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Endocrinology. 2010 Dec;151(12):5795-806. doi: 10.1210/en.2010-0581. Epub 2010 Nov 3.

Semicomprehensive analysis of the postnatal age-related changes in the mRNA expression of sex steroidogenic enzymes and sex steroid receptors in the male rat hippocampus.

Author information

1
Department of Biophysics and Life Sciences, Graduate School of Arts and Sciences, The University of Tokyo, Tokyo 153-8902, Japan.

Abstract

Although sex steroids play a crucial role in the postnatal brain development, the age-related changes in the hippocampal steroidogenesis remain largely unknown. We performed comprehensive investigations for the mRNA expressions of 26 sex steroidogenic enzymes/proteins and three sex steroid receptors in the male rat hippocampus, at the ages of postnatal day (PD) 1, PD4, PD7, PD10, PD14, 4 wk, and 12 wk (adult), by RT-PCR/Southern blotting analysis. The relative expression levels of these enzymes/receptors at PD1 were Srd5a1 > Star > Ar ∼ Hsd17b4 ∼ Hsd17b1 ∼ Hsd17b7 ∼ Esr1 ∼ Srd5a2 > Hsd17b3 > Esr2 > Cyp11a1 > Cyp17a1 > Cyp19a1 ∼ Hsd17b2 > 3β-hydroxysteroid dehydrogenase I. The mRNA levels of essential enzymes for progesterone/testosterone/estradiol metabolisms (Cyp17a1, Hsd17b7, and Cyp19a1) were approximately constant between PD1 and PD14 and then declined toward the adult levels. Cyp11a1 increased during PD4-PD14 and then considerably decreased toward the adult level (∼8% of PD1). Hsd17b1, Hsd17b2, and 3β-hydroxysteroid dehydrogenase I mRNA decreased approximately monotonously. Hsd17b3 increased to approximately 200% of PD1 during PD4-PD14 and was maintained at this high level. The 5α-reductase mRNA was maintained constant (Srd5a1) or decreased monotonically (Srd5a2) toward the adult level. The Esr1 level peaked at PD4 and decreased toward the adult level, whereas Ar greatly increased during PD1-PD14 and was maintained at this high level. The Star and Hsd17b4 levels were maintained constant from neonate to adult. These results suggest that the hippocampal sex steroidogenic properties are substantially altered during the postnatal development processes, which might contribute to brain sexual maturation.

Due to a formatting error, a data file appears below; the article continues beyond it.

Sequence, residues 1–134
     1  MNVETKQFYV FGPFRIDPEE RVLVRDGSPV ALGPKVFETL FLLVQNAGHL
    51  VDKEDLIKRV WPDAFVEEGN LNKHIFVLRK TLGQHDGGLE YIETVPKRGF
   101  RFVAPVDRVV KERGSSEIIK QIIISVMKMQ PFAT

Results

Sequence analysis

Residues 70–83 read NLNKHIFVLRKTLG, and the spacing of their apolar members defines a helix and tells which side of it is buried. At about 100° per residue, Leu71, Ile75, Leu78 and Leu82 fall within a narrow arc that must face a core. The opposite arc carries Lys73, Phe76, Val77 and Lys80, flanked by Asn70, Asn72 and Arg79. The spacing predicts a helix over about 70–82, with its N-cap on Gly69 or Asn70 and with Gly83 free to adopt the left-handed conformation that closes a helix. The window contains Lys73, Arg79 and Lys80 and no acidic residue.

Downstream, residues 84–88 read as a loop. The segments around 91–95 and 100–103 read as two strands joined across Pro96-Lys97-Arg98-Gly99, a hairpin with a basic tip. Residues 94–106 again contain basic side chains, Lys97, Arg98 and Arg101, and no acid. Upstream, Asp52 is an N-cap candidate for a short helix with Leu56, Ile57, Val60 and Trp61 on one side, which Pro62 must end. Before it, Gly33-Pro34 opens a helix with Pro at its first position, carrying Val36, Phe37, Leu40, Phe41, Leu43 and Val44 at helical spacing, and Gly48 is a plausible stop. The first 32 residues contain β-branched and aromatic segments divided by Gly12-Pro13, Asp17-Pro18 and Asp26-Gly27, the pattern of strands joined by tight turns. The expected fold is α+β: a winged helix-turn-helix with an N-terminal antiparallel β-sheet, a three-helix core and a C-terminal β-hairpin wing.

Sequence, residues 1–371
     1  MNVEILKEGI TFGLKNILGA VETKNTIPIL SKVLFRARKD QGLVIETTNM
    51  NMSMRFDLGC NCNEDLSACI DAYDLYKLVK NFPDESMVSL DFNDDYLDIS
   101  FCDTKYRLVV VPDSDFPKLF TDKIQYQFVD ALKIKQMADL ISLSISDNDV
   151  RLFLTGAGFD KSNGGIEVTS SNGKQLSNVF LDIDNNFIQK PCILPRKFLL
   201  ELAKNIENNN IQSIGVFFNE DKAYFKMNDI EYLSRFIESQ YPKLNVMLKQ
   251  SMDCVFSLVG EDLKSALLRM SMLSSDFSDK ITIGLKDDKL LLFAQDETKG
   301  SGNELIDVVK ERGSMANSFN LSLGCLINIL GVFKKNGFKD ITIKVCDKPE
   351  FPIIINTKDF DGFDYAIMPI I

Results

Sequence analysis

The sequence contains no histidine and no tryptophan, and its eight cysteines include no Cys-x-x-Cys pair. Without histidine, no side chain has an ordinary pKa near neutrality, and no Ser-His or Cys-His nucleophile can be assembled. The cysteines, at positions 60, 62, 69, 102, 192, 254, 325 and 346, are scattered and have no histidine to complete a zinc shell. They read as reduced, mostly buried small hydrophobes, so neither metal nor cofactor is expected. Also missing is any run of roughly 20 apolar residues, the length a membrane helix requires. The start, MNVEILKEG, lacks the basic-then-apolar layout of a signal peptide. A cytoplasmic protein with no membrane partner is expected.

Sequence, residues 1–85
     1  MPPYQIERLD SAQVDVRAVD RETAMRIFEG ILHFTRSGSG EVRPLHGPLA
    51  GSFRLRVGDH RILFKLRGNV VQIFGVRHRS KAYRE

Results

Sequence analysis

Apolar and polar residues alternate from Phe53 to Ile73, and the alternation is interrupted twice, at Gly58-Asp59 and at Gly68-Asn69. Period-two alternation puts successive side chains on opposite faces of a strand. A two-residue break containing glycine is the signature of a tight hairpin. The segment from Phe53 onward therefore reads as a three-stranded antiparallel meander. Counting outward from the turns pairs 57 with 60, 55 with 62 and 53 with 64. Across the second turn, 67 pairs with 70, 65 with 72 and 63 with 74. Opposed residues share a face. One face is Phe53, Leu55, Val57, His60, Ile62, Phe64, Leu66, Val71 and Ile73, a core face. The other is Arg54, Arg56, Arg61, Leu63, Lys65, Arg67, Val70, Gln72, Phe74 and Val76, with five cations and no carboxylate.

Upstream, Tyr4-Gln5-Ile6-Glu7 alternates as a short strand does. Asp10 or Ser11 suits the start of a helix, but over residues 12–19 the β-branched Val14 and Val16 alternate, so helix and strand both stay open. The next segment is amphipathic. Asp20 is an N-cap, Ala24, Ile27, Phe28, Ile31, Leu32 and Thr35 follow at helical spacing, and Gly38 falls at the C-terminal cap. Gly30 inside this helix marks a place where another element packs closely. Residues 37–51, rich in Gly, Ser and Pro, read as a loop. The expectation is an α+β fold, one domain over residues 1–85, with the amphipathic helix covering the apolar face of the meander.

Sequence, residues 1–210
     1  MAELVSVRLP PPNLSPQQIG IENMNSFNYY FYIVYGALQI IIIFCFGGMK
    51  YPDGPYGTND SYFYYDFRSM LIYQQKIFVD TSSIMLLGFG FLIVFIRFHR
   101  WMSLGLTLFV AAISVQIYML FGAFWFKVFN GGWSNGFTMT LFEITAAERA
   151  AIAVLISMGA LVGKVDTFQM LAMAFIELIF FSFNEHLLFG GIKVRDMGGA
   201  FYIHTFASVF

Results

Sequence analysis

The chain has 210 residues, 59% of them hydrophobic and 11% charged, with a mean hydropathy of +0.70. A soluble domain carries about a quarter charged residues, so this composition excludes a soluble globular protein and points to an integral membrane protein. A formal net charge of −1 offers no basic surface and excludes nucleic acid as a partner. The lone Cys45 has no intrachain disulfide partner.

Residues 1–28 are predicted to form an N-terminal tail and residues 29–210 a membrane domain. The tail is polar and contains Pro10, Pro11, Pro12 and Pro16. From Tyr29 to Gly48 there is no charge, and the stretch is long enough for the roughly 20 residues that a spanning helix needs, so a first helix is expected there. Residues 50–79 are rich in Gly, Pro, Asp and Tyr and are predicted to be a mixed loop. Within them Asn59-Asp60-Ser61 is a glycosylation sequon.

PMID:
21047951
DOI:
10.1210/en.2010-0581
[Indexed for MEDLINE]

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